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A Place of Safety

Psalm 12

Bible and Storm

Have you ever been so overwhelmed with what is going on around you that you just wanted to escape—you just wanted it all to go away? Have you ever been so exasperated or confused or bewildered that just didn't know what to do next or where to go or how to respond? Maybe it was listening to news and hearing all the crazy things going on in the world. Maybe it was closer to home—struggles on the job, in the home, or in your own heart.

Open your Bibles this evening to Psalm 12.

Here David both teaches us how to bring our struggles to God and shows us where to go and what to do when we are beaten down and confounded by life.

In this psalm David faces a perplexing problem. He has seen a terrible injustice and feels helpless to do anything about it. He sees first hand the ravages and consequences of evil. The devastation left in the wake of sin so grieves and overwhelms his soul that he is compelled to cry out to God in prayer.

I want to look at this psalm tonight as we prepare to pray together and uncover the answer to David's distress. The problem he faces is one that we face as well—one that still perplexes us in our day as we live with the consequences of sin in a fallen world. In this psalm God comforts David and helps him to understand—even as David sings he finds his answer.

Let's begin by reading Psalm 12 together.

To the Choirmaster. According to Sheminith. A Psalm of David.
Save, O LORD, for the godly one is gone;
for the faithful have vanished from among the children of man.
Everyone utters lies to his neighbor;
with flattering lips and a double heart they speak.
May the LORD cut off all flattering lips,
the tongue that makes great boasts,
those who say, "With our tongue we will prevail,
our lips are with us; who is master over us?"
"Because the poor are plundered, because the needy groan,
I will now arise," says the LORD;
"I will place him in the safety for which he longs."
The words of the LORD are pure words,
like silver refined in a furnace on the ground,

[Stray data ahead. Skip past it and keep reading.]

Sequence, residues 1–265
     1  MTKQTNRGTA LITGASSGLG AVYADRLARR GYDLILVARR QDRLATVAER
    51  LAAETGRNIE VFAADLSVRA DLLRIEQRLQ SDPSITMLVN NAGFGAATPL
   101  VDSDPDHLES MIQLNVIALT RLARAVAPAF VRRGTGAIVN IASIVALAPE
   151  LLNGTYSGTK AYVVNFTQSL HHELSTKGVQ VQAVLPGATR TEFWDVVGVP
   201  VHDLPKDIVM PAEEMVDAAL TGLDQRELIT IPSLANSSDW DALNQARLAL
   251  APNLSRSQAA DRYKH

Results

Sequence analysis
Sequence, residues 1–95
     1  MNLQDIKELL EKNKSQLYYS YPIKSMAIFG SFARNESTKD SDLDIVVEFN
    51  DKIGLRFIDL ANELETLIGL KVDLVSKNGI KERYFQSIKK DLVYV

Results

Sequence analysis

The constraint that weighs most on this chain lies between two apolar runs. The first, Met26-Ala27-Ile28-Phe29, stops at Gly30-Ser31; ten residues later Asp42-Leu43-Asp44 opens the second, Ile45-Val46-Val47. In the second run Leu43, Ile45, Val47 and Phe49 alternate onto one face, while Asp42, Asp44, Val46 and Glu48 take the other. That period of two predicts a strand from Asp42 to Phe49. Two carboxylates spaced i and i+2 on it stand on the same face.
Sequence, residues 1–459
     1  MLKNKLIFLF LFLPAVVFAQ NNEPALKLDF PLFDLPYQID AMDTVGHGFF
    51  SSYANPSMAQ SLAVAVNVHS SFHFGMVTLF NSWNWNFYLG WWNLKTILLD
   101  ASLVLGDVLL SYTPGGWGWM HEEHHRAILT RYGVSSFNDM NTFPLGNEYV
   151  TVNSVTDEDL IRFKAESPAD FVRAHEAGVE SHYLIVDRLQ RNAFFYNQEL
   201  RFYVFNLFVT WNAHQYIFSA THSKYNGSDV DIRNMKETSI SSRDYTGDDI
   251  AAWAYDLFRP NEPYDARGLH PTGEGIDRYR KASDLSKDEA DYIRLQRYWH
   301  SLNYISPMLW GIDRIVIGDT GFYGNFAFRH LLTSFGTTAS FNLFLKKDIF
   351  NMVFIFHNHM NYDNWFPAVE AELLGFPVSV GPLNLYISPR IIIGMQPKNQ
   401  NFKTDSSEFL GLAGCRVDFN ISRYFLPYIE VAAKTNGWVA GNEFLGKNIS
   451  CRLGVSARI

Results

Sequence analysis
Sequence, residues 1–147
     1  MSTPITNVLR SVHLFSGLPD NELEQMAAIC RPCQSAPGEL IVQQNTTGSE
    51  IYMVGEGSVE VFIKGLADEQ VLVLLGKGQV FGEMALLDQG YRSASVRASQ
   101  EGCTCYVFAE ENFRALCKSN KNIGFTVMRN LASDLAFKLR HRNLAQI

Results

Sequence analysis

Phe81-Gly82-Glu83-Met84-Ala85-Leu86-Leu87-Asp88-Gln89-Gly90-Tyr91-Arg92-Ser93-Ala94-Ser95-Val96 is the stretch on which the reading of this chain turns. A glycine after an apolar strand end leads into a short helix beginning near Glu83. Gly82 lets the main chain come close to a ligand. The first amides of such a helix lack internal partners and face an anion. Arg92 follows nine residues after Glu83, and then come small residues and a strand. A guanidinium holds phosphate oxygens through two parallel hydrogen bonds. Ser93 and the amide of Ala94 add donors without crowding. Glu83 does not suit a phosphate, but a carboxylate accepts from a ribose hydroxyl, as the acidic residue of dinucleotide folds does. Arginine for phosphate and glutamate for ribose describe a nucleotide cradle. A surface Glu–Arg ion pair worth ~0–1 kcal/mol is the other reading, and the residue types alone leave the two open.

purified seven times.
You, O LORD, will keep them;
you will guard us from this generation forever.
On every side the wicked prowl,
as vileness is exalted among the children of man.
(Psalm 12:1-8)


Psalm 12: To the Choirmaster. According to Sheminith. A Psalm of David.

The title to this psalm indicates that it was composed by David and was meant for use in public worship. Songs directed to the Choirmaster (some versions have Chief Musician) were specifically intended for public worship. The inscription includes a musical direction as well, "according to Sheminith" meaning eight or octave. Some translators have suggested that this refers to an eight-stringed instrument, but it is more likely a musical marking indicating that the song was to be sung down in a low key (upon the eighth lowest string). The psalm is a lament and so a low and somber key would be very fitting.

David's Prayer

The psalm begins with a prayer in verse 1:

Save, O LORD, for the godly one is gone;
for the faithful have vanished from among the children of man.
(Psalm 12:1)

Unlike many of the psalms that begin with joy and praise, this psalm begins abruptly with a cry for help. In fact the first word that David utters is the word "Save"! The Hebrew word for "Save" in verse one comes from the root YASHA' from which the name Jesus is derived. It is the word David uses in Psalm 3:7–8 where he acknowledges that salvation comes from God.

David's cry for help is followed by an explanation: David sees that the godly and the faithful are vanishing. Now to understand David's distress, it helps to know the background of the psalm. This psalm was written in the midst of events recorded in 1 Samuel, chapters 18 to 22.

Let's look for a moment at these chapters in 1 Samuel. They record some dark days in the life of David. His troubles begin in Chapter 18. David has befriended Saul's son, Jonathan. David has a prominent position in the military and God prospered all he did.

In 1 Samuel 18:5 we read:

And David went out and was successful wherever Saul sent him, so that Saul set him over the men of war. And this was good in the sight of all the people and also in the sight of Saul's servants (1 Samuel 18:5).

Now this appears to be something good, something in David's favor. God is prospering him. But as David grew in favor with the people, Saul's jealously began to grow and he became envious of David. In verses 6–9 we read:

As they were coming home, when David returned from striking down the Philistine, the women came out of all the cities of Israel, singing and dancing, to meet King Saul, with tambourines, with songs of joy, and with musical instruments. And the women sang to one another as they celebrated,

"Saul has struck down his thousands, and David his ten thousands."

And Saul was very angry, and this saying displeased him. He said, "They have ascribed to David ten thousands, and to me they have ascribed thousands, and what more can he have but the kingdom?" And Saul eyed David from that day on (1 Samuel 18:6–9).

In the eyes of Saul, David had become a threat. Even after Saul agreed to allow David to marry his daughter and become his son-in-law—even after bringing him into his own house—the envy was still brewing. Saul wanted to remain king and David's growing popularity with the people didn't sit well with his political agenda.

At the beginning of Chapter 19 Jonathan tells David that Saul was feeling threatened and was in fact plotting to kill David.